Panama's Amilcar Henriquez (L) fights for the ball against Canada's Olivier Occean during their 2014 World Cup qualifying soccer match in Toronto September 7, 2012. (REUTERS)
TORONTO - The energy is up, spirit is good, the message clear.
"Cuba, Cuba, Cuba," Canadian head coach Stephen Hart repeated Wednesday afternoon, two days before Canada resumes CONCACAF'S third round of qualifying at BMO Field against the island nation.
"That's the entire message," he said. "The entire practice was designed to play against Cuba."
Although Cuba has already been eliminated from World Cup contention, other than a 3-0 drubbing at the hands of Honduras last month, the islanders have been in every game.
After making Canada work for a 1-0 result in Havana on Match Day 1, Cuba has performed well on the road, coming up short with consecutive 1-0 losses in Panama and Honduras, games it very easily could have taken points from.
"They played two fantastic games on the road," Hart said. "They've not been given credit for the games they've played."
For the most part, Cuba's national team is an anomaly, a roster of players who are more or less chained to the communist nation, emerging once a year for Cup competitions.
"They have a very good centreback -- a class player," Hart said of the largely unknown side. "(Cuba has) very good centre midfielders, one of which is extremely creative and very hard to pin down, and two athletic forwards. That alone is a good, balanced team -- a good spine."
Level with Honduras on seven points, Canada faces a must-not-lose match against the Cubans tomorrow night before playing in Honduras four days later. With Honduras playing away to group leaders Panama tomorrow, next Tuesday's game in Honduras will likely be a one-off affair to decide which side progresses alongside Panama to CONCACAF's final round of six, from which three nations automatically qualifying for the 2014 World Cup.
Tomorrow night's result against Cuba will determine what result Canada will need in San Pedro Sula.
"The session was fantastic," Hart said of Canada's second-to-last training session. "There were some (hard) tackles in the practice today. You would have thought it was a cup final -- I like that."
WILL'S 'DOIN' HIS THING"
The pounding in Panama was as difficult for Will Johnson to sit through as it was for viewers back home.
Canada's midfield mainstay, who was suspended last month due to yellow card accumulation, said he felt helpless taking in the match from Utah, where he has been instrumental in helping Real Salt Lake become the class of Major League Soccer.
"You wish you could help your guys, your friends, your teammates," Johnson said. "There's no two ways about it, it was tough for me."
Johnson's absence forced Hart to tinker with his lineup, moving Canada into a 4-4-2 with Patrice Bernier and Marcel de Jong providing the width. After successfully implementing a stingy 4-5-1 through Canada's first three third-round qualifiers, a setup that saw the Reds preserve three clean sheets, Panama picked apart the changes before a convincing 2-0 win at the Estadio Rommel Fernandez.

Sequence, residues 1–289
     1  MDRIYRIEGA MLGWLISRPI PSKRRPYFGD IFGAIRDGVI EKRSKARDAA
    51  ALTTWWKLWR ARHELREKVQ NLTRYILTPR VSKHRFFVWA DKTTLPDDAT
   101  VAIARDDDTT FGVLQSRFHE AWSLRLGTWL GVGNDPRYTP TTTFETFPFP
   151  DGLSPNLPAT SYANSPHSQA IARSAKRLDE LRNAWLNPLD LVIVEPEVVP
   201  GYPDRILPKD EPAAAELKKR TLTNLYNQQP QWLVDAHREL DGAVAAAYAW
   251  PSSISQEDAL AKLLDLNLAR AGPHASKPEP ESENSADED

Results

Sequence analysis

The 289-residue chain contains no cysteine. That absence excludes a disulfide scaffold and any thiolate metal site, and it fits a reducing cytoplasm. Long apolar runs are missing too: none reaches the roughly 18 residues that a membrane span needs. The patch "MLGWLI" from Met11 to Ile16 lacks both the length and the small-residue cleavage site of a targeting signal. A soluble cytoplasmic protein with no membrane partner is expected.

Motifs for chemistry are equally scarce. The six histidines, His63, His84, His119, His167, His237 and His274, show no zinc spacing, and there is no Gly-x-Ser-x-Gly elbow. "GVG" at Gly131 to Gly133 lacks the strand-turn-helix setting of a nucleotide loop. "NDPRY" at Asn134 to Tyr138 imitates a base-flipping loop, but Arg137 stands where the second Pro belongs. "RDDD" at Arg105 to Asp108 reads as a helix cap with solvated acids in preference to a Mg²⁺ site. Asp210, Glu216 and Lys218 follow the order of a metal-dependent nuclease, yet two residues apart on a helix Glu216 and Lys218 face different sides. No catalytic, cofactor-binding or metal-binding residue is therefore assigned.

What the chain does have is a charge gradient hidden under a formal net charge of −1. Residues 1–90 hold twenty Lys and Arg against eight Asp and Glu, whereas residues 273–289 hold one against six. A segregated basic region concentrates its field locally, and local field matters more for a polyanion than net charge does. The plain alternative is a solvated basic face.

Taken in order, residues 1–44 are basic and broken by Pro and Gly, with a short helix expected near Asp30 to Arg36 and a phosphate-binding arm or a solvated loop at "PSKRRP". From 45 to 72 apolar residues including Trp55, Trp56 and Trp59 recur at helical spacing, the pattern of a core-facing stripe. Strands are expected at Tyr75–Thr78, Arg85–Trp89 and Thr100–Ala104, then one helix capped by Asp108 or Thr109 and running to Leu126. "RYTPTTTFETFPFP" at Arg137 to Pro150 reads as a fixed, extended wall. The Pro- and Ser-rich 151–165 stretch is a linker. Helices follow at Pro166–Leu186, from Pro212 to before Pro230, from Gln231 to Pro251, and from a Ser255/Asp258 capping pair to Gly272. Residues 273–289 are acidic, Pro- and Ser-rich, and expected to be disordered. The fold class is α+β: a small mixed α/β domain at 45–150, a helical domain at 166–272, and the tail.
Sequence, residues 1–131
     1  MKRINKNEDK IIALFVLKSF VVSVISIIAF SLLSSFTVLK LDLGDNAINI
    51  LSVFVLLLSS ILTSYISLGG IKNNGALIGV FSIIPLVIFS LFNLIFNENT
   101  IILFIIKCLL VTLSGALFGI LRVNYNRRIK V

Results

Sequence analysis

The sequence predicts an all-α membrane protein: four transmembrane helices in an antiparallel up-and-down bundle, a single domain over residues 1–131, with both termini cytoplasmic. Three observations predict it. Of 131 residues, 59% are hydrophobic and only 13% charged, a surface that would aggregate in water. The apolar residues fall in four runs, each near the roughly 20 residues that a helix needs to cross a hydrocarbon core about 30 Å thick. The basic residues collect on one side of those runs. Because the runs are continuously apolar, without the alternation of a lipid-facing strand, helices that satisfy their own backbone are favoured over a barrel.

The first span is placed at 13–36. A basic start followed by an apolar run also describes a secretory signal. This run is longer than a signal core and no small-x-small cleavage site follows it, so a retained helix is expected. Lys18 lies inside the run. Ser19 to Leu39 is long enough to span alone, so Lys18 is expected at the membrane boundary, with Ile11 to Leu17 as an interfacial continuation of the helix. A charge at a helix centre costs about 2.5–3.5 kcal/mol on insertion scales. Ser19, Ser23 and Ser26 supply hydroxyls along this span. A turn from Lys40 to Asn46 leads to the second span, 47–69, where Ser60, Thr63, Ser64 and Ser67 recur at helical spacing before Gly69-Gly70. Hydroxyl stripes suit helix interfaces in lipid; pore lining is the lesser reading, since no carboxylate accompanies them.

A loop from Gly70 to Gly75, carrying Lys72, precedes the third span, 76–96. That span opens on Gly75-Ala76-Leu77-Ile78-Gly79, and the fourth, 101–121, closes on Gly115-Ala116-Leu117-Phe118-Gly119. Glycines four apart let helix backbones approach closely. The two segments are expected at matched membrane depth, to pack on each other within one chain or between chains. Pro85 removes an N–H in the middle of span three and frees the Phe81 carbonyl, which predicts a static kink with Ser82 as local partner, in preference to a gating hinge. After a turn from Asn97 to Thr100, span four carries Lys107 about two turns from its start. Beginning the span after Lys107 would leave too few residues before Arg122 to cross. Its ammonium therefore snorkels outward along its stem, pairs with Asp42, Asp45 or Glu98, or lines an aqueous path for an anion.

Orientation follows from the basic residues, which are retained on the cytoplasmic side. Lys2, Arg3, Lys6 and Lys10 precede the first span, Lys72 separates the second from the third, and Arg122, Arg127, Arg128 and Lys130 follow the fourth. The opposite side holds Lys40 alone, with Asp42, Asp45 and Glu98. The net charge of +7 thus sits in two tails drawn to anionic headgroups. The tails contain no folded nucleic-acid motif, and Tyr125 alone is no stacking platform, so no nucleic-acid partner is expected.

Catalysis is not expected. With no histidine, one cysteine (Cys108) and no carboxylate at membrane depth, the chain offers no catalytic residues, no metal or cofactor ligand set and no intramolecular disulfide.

"We just didn't have a great night," Johnson said of Canada's only group loss. "We weren't sharp, they got on us a little bit and our energy levels were low."
So low it seemed the Canadians were running in sand, essentially laying down from start to finish and handing the Panamanians control of the group.
"It's kind of what I'm known for," said Johnson, when asked if his probable re-insertion will give the group a lift. "It's something I take a lot of pride in, being the guy who gets stuck into a tackle and energizes the guys.
"It has been my role for Real Salt Lake for the better part of five seasons and it's something I've tried to bring into the national team as well -- to be the guy who can be counted on every game "¦ I'll go out there and do my thing (Friday)."
He'll be rested, too.
Salt Lake head coach Jason Kreis didn't roster Johnson for the club's trip to Los Angeles last weekend, instead allowing the 25-year-old to stay behind with his newborn daughter.
"It's a long season," Johnson said. "A weekend off here or there really helps out. I didn't want to miss the (L.A.) game but I'm looking at it from a positive point of view. I'm well-rested and feel like I have a lot to give over these next five days."
With Dwayne De Rosario sidelined, all eyes will be on Olivier Occean, who looks set to return to Hart's lineup after missing the Panama match with back spasms.
But that doesn't mean Canada's target man is feeling the pressure after watching the team's all-time leading scorer limp off in Panama City with a knee injury.
"We deal with (it) every day," Occean said of the pressure surrounding the magnitude of tomorrow night's World Cup qualifier. "All of us have pressure from our club teams so I think we're quite relaxed about it."
Although Hart had nothing but good things to say about Cuba's back four, specifically in the centre of Cuba's defence, Occean didn't seem concerned.
"I respect all my opponents but he's not a really outstanding player," Occean said of the player Hart called a class centreback. "He's just a Cuban centreback. That's how I see it."